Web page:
Active supervision is the key to preventing drowning. Children under 5 must be actively supervised at all times when around water. This means the child is in the direct line of sight of an appropriate adult at all times.
When in the water, kids under 5 must be within arm’s reach of the designated supervisor at all times, regardless of their swimming ability. Young children easily forget what they have learnt in swimming lessons.
If you leave the pool area, always take the child with you. Children under 5 can’t reliably follow an instruction to stay out of the water when not supervised.
Supervision at public pools is your responsibility - lifeguards cannot provide the close and constant supervision young children need.
Also remember, flotation devices are no substitute for active supervision.
Who should be a supervisor?
A child under 5 requires active supervision from a capable person who is at least 16 years old. Other children are not appropriate supervisors for young children.
Make sure the designated supervisor is aware of their responsibilities. Young children have drowned when adults aren’t clear who is responsible for watching them.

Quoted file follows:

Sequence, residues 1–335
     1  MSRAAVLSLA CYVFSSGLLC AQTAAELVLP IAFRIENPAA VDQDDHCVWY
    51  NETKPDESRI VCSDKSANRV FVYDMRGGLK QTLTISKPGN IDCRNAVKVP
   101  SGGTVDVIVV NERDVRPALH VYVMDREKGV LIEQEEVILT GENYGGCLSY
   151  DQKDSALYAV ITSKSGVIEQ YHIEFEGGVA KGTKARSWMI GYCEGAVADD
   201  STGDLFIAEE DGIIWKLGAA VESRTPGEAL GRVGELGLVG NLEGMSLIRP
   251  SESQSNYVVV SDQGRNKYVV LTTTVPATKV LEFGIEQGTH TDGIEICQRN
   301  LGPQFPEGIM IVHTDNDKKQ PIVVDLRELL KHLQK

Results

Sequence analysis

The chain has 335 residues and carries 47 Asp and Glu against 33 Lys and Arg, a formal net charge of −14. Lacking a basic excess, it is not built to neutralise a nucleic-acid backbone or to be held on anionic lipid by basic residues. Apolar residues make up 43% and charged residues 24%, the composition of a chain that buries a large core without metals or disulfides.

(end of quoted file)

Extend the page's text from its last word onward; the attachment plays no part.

You can't provide active supervision if you are:
- swimming in the pool
- chatting with others
- looking at your mobile phone
- affected by alcohol.
What if my child isn't around water?
Kids who aren't around water can get access to a pool and drown before you realise they’re missing. Check on your child regularly even if they are not around water.
Why do I need pool fencing?
All private swimming pools in Queensland must have compliant pool fencing that has been certified by a qualified pool safety inspector. This includes portable pools continually filled with water to a depth of more than 300mm. Your pool must also be registered and have a CPR (cardio-pulmonary resuscitation) sign nearby.
Compliant pool fencing helps prevent children from drowning. Non-compliant pool fencing was present in over three quarters of pool drownings of under 5s in Queensland.
What is compliant fencing?
The Queensland Building and Construction Commission provides information about the requirements for compliant pool fencing and registering your pool.